Greene’s stories frequently demonstrate a liberal use of irony, providing both a comic turn and poignant message. The irony in “Across the Bridge” is expressed through the personal observations of the narrator, who knows more than the other characters, thus providing the reader with an informed point of view. Through the narrator, the reader can find irony by contrasting what other characters believe and what is actually true. The reader becomes part of the audience in the story who watches Calloway’s story unfold. Comic scenes such as that in which the detectives fail to recognize their suspect are made funnier by the presence of the knowing, incredulous audience in the square, of which the reader is a part.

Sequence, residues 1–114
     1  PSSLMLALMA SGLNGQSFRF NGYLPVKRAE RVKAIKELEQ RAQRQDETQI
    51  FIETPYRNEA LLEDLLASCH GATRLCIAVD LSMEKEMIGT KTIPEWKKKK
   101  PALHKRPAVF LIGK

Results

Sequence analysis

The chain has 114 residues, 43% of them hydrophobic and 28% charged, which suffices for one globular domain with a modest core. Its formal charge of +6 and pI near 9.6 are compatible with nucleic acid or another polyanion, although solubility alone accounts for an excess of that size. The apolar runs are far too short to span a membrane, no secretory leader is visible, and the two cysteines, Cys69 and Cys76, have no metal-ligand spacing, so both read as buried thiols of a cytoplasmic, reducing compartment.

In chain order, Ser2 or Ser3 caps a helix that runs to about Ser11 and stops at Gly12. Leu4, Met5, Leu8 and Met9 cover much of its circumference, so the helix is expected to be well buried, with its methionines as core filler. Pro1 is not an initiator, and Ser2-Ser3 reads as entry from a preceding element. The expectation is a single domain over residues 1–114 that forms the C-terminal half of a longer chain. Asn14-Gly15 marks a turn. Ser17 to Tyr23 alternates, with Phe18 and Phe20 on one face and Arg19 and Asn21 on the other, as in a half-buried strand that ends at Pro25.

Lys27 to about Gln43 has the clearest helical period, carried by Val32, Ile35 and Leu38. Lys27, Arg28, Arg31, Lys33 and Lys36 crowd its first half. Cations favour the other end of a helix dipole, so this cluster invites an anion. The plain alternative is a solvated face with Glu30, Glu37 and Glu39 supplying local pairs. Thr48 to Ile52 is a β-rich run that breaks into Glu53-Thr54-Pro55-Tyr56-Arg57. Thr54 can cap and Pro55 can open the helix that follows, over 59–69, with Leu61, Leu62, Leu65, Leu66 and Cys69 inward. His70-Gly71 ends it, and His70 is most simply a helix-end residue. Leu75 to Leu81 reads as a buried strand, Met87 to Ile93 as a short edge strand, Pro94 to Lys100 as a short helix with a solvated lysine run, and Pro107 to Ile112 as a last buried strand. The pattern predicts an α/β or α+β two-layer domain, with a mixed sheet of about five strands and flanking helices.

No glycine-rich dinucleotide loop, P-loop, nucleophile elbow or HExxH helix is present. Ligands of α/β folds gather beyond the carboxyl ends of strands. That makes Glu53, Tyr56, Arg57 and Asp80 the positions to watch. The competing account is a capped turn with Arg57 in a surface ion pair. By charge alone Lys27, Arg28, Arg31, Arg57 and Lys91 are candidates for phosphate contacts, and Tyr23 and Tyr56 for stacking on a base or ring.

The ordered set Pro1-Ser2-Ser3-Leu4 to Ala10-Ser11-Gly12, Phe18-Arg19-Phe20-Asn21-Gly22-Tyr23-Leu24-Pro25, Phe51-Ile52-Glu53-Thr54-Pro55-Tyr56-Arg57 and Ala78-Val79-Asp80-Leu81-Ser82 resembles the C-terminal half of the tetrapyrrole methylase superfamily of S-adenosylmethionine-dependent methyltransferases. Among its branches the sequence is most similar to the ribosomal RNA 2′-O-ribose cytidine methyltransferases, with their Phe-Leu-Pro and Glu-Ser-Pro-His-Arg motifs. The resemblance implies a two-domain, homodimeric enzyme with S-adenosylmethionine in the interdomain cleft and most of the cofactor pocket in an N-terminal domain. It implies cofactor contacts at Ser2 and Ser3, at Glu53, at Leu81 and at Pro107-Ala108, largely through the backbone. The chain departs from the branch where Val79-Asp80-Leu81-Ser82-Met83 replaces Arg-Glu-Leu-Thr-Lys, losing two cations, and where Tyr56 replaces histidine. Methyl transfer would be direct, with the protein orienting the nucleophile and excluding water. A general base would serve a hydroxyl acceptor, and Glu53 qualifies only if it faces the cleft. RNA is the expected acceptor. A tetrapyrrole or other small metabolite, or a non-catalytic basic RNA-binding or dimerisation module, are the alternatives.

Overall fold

The narrator also expresses the irony in Calloway’s dying gesture: What he may mean as a blow is seen by others as a kind, loving motion to his dog. Calloway, who has habitually kicked his dog, is now the loving master reaching out to hold his loyal pet to his very last breath, even though the dog is the key to Calloway’s demise. Readers may believe that they know better, but in the final paragraph, the narrator changes his tone. After having looked skeptically on Calloway’s “caress,” he now concedes that this gesture could actually have been a loving one. Here, the narrator assumes a “humble” position, which for Greene symbolizes the limited knowledge that human beings have.
Although the narrator generally seems to...
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